PUBLIC DRINKNG FOUNTAINS IN NEW YORK.
NEW YORK CITY is sadly deficient in public drinking fountains for the use of both man and the dumb animals. There are already a few memorial fountains, and during the past few years three donors of fountains have given sites for their gifts to the public. In Rutgers square Jacob Schiff, a banker, erected a $50,000 fountain, and the Mary Guise Newcomb fountain at Cooper Union and the John Hooper fountain on the viaduct at One Hundred and Fifty-fifth street, both built as memorials, are used by both man and beast, and quench the thirst of hundreds daily. Several new fountains have just been erected. The Church Tem -pcrance Society of the Protestant Episcopal Church has in position six new bronze free ice-water fountains. They have been placed at the Pro-Cathedral, 130Stanton street; St. Ambrose chapel, at Thompson and Prince streets, Grace Mission house, 540 East Thirteenth street; God’s Providence house, 330 Broome street; Italian Mission, 307 Mulberry street, and the Chapel of the Messiah, Ninety fifth street and Third avenue. The fountains cost not far from $500 each for the bronze tablet, two feet square, the necessary pipes for the conveyance of water to and from the faucet, and the ice-chest filled with coiled pipes upon which the ice rests. Each fountain is supplied with 300 pounds of ice daily, so that during the months of May, June, July, August, and September, the six fountains will consume about 276 pounds. The society proposes to increase the number of fountains year by year.
The executors of the estate of Robert Ray Hamilton were directed in his will to expend about $10,000 for a fountain to be presented to the city. The designers and builders of fountains are now competing for the contract, and it is expected that the Hamilton monument will be erected early in |une. It is expected the material to be used will be bronze and granite, and the park commissioners will first pas on the design before its acceptance, they in turn having advice from the proper art judges as to the artistic merits of the gilt. It was Mr. Hamilton’s wish that the fountain tie of a modest design, and so arranged that it can be used by the thirsty as well as serving an ornamental purpose for the park or square in which it is to Ire placed.
If the grand Columbus fountain, designed by Fernando Miranda, the sculptor, ever becomes a fact.it will have a stone basin too feet in diameter, from the centre of which rises the globe on which the three ligures stand. The total height of the globe is to be 19 feet, and the figures themselves are 16 feet in height. Columbus is shown In the act of reverentially clasping the hilt of his sword, which is cross-like in form. Land has just been sighted, and the discoverer is giving his thanks to God. Martin Pinion, with hand to brow, shades his eyes to peer into the unknown land, with thoughts of future business conquests and piles of the shiny gold in his coffers. He is the businessman, w ho is not thinkidg of aught else but the caravels that will carry his wealth back to the harbor of Palos, which he will make the great harbor of Spain. His heavy risk to aid Columbus may yet reward him many hundredfold, and he rejoices. Vincente, with the hot blood of youth in his veins, is shown in striking contrast to his brother, the dignified old Spanish merchant. The younger man tugs at his girdle with one hand, while with the other he points to the emerald isles on the distant horizon. The sculptor has given his designs—the labor of years —free of cost, and the Spanish government will erect the fountain at its ow n expense, furnishing from its arsenals and bell-towers the 20,000 pounds of bronze needed for the statuary, etc.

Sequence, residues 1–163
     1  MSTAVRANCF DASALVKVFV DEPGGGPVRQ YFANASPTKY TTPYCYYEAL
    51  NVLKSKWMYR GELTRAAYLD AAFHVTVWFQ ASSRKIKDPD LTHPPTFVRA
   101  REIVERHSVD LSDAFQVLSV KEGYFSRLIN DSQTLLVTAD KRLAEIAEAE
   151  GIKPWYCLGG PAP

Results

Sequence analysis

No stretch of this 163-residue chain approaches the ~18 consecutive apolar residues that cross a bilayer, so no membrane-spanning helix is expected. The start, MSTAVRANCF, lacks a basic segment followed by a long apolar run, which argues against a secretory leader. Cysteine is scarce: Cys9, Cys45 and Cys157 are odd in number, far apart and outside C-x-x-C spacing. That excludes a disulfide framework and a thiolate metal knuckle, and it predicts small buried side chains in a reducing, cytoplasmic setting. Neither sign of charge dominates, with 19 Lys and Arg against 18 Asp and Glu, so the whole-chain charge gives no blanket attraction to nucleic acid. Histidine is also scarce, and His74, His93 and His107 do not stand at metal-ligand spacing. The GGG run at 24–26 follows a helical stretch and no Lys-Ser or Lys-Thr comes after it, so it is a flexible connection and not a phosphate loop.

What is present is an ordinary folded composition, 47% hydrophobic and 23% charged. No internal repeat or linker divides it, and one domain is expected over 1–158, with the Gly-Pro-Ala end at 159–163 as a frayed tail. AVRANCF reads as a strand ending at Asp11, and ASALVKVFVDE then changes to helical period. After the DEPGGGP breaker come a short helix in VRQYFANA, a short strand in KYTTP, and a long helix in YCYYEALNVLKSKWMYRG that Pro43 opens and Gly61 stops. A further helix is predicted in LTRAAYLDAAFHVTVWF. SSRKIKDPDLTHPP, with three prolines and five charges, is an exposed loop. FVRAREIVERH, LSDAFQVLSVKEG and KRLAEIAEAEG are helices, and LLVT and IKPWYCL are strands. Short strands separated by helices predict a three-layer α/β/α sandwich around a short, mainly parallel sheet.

The Society for the Prevention of Cruelty to Animals, hope to erect six new fountains for both man and beast before very long. The design is very neat, and does not obstruct the sidewalk. The cost of each will be about $300, the city supplying the water free, and each fountain bearing a plate with the name of the giver.